Overall, The Adecco Group’s analysis found that Switzerland, Sweden and Germany performed best across the select macro-economic indicators. The analysis provides an in-depth comparison useful for businesses and governments, including policymakers worldwide to learn from and act upon.
The full paper, Comparing the outcome of Governments’ response to Covid-19, is available in full for members of the Forum’s COVID Action Platform, via our TopLink library.
Supporting mining communities hard-hit by lockdowns and COVID-19
COVID-19 has had a significant impact on the mining industry. More than one third of the countries where the coronavirus is spreading are resource-dependent nations, generating more than 20 percent of their export revenues from minerals, metals or hydrocarbons. Government-mandated shutdowns and isolated outbreaks have meant halted operations and reduced production leading to a host of vulnerabilities such as food insecurity, supply shortages and strained healthcare systems.
A group of 27 mining and metals companies, who are members of the International Council on Mining and Metals (ICMM), have provided more than $315 million to global response efforts through COVID-19 funds and individual company donations to national relief efforts.
A major contributor to this effort is the global mining company Anglo American, a World Economic Forum Partner. The company’s efforts will deliver support to host communities around the world including Africa, Australia and the Americas.
In South Africa for example, this work includes providing water tanks to 69 villages and clinical training and PPE equipment to 70 local clinics. It also means providing 6,000 food parcels per month for three months to alleviate economic hardships brought by quarantine.
“We are doing all that we can to safeguard our people and their families from the spread of COVID-19, while also providing support to our host communities and countries where it’s most needed,” said Anglo American Chief Executive, Mark Cutifani. “Our direct response to address the effects of COVID-19 is tailored to the specific and most urgent needs of our host communities and countries, recognising their very different socio-economic factors,” he added.
Ramping up COVID-19 testing to understand the full extent of the virus’ spread in the U.S.
Testing for COVID-19 antibodies remains a priority around the world as governments, health centres and businesses continue to study the coronavirus pandemic.
Many patients who experience mild symptoms or no symptoms at all rarely get tested, which has prompted experts to suggest there may be a high number of unreported cases. Scaling up antibody tests can provide a more accurate picture of the global situation and inform public health agencies who are designing national and international responses to the crisis.
German medical technology group Siemens Healthineers has said it will produce 50 million COVID-19 antibody tests per month, starting in June 2020, and that testing can begin immediately, with over one million tests already transported to health centres and laboratories across the U.S.
Siemens Healthineers, which has 52,000 employees, is majority-owned by Siemens, a Strategic Partner of the World Economic Forum.
The laboratory-based antibody test produced by the company has been authorized by the U.S. Food and Drug Administration (FDA) after test data showed 100% sensitivity and 99.8% specificity.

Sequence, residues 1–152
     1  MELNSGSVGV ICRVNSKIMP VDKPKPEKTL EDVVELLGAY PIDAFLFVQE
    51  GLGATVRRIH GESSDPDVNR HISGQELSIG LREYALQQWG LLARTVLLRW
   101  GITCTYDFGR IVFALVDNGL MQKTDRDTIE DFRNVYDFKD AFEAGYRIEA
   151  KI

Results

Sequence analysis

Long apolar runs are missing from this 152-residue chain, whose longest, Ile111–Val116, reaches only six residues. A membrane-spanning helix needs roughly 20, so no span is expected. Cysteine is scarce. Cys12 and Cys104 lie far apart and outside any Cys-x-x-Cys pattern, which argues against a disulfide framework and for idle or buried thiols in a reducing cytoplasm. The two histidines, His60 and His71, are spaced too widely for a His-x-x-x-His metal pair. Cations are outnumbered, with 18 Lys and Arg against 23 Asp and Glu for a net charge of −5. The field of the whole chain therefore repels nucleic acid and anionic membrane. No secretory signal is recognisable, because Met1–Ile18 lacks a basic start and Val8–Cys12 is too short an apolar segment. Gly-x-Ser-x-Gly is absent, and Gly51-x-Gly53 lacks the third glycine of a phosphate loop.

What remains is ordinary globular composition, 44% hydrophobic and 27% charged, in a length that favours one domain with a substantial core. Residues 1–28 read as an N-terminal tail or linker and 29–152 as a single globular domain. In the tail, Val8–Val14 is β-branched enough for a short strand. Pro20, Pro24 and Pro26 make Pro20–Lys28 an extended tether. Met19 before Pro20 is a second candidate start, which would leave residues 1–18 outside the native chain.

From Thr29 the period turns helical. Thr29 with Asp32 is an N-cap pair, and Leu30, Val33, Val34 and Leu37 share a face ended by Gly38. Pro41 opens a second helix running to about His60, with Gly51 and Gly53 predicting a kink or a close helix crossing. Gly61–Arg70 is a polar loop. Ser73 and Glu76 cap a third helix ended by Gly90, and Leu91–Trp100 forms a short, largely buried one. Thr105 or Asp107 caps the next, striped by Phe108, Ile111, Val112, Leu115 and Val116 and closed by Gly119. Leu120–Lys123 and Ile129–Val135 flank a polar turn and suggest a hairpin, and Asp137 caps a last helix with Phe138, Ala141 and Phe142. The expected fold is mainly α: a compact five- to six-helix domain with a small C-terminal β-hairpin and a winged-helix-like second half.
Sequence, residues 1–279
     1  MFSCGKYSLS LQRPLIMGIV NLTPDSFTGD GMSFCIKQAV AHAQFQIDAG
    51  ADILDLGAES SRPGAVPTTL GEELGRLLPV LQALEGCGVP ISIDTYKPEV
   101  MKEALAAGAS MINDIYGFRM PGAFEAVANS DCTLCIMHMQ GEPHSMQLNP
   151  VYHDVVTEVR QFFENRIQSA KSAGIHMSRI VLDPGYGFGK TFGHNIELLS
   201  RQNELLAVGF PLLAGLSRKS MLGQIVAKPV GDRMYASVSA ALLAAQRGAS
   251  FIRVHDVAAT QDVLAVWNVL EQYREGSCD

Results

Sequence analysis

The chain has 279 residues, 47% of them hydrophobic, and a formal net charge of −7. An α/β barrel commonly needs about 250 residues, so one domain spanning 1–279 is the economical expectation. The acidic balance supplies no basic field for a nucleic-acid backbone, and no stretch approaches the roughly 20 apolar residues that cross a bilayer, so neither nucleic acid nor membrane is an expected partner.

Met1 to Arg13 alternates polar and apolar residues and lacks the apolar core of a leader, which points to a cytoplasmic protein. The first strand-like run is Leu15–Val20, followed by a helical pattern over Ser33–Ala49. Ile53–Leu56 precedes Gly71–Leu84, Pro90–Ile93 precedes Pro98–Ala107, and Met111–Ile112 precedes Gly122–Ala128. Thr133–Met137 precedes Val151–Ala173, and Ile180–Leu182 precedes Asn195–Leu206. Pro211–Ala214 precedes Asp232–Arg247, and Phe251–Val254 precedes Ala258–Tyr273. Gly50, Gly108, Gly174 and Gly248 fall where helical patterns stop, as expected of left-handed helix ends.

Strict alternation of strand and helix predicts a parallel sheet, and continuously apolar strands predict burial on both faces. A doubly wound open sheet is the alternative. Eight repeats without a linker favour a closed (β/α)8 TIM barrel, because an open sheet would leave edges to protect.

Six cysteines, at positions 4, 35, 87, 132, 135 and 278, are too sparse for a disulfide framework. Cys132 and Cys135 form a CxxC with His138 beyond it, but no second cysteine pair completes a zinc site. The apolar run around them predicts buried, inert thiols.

“The test targets both IgM and IgG antibodies, which allows for early identification of individuals infected with the virus who have developed an immune response, even if they were asymptomatic or never diagnosed with the disease.”—Deepak Nath, President of Laboratory Diagnostics at Siemens Healthineers.
The test is available on the company’s high-throughput analyzers that can run over 440 tests in one hour and provide results in 10 minutes.
Companies commit to realising a Great Reset of capitalism
Business leaders have pledged to contribute their skills, networks and resources to shape the COVID-19 recovery and build back better.
The coronavirus pandemic has laid bare longstanding ruptures in our economies and societies, and created a social crisis. As part of wide-ranging response, the World Economic Forum launched this week its Great Reset initiative — a commitment to build, jointly and urgently, the foundations of our economic and social system for a fairer, more sustainable and more resilient future. The Great Reset is also the theme of a unique twin summit – both in-person in Davos and virtually around the world – to be convened by the Forum in January 2021.
“To achieve a better outcome, the world must act jointly and swiftly to revamp all aspects of our societies and economies,” said Professor Klaus Schwab, Founder and Executive Chairman of the World Economic Forum.
During the launch of the initiative world leaders, including HRH The Prince of Wales, discussed how a global energy transition is an essential piece of this puzzle. Forum Strategic Partner BP has committed to become a net zero company by 2050 and the company’s CEO Bernard Looney reminded the audience that tackling climate change is an essential imperative which requires imagination from all stakeholders.
Companies can follow insights on how the world is recovering from COVID-19 to build a healthier, more equitable, and more prosperous future here. Businesses interested in learning about how their organizations can work in partnership with the World Economic Forum, and the Great Reset, are invited to contact us.